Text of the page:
UAE keeps pro-democracy activists in jail despite serving sentences
The United Arab Emirates is holding five political prisoners at a notorious facility in Abu Dhabi's desert, despite the men having completed their sentences, a rights group said.
The International Campaign for Freedom in the UAE (ICFUAE) said in a statement on Friday that four of the men, jailed following a controversial mass trial known as the "UAE 94", should have been released on 16 July 2019.
Another prisoner was supposed to be released from prison last month, but also remains in custody, ICFUAE said.
"We call on the Emirati government to release all prisoners of conscience immediately and unconditionally," it added.
The UAE 94 case was a mass trial in 2013 involving 94 people who were charged with trying to overthrow the Emirati government, a charge they denied.
It resulted in the conviction of 69 people - eight in absentia - who received sentences of as long as 15 years.
Two years earlier, the 94 had reportedly signed a petition calling on the Emirati government to institute a relatively modest set of democratic reforms.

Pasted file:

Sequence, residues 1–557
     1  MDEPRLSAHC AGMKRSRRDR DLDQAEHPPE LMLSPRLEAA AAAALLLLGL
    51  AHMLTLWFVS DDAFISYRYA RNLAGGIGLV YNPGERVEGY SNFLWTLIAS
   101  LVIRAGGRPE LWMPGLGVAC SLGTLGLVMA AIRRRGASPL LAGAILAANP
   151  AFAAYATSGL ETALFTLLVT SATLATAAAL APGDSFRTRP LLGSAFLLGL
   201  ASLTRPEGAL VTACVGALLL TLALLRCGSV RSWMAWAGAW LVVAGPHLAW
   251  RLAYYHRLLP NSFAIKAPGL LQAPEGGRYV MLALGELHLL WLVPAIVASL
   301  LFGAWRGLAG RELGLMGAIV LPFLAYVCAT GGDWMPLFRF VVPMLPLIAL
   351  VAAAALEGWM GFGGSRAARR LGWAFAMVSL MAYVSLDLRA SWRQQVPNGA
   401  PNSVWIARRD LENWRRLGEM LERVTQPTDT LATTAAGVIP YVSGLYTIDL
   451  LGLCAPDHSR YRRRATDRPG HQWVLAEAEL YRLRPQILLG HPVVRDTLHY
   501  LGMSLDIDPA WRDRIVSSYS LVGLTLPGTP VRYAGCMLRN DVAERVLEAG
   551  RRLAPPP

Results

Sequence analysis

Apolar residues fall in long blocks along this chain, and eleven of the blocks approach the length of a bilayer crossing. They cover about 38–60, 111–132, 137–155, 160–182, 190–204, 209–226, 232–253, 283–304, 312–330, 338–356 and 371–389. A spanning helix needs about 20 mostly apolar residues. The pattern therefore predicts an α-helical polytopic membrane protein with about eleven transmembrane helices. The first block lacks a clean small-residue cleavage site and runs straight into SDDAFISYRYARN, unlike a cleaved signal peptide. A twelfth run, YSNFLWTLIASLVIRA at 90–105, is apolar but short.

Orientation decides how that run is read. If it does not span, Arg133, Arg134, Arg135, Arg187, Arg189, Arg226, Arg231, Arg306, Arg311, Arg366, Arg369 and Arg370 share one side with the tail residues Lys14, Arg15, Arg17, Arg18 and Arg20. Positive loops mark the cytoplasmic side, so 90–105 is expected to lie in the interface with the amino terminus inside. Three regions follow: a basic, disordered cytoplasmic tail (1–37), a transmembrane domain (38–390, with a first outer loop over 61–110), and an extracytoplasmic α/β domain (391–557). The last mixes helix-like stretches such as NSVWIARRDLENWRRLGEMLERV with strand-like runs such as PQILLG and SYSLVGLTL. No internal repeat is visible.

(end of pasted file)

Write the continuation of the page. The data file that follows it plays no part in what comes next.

The signatories were said to call for a fully elected Federal National Council with full regulatory powers and universal suffrage, a retreat of the security state and basic human rights within the existing framework of a constitutional monarchy.
Among those jailed were judges and lawyers, including Mohammed al-Roken, prominent for his human rights work, and student blogger Khalifa al-Nuaimi.
Some of the prisoners later claimed they were tortured by authorities, with one saying his fingernails were pulled out, while another said his shoulder was dislocated when he was reportedly attacked by a guard.
Two prisoners separately reported being locked in the boots of cars - one of whom almost choked to death from gas fumes, according to the Gulf Center for Human Rights.
The ICFUAE warned on Friday that with the emergence of the coronavirus pandemic, the prisoners, who are languishing at a facility known for its dire conditions and nicknamed the "Guantanamo of the UAE", were unnecessarily being placed in harms way.
"Prisoners remain one of the most vulnerable groups of people to the disease," it added.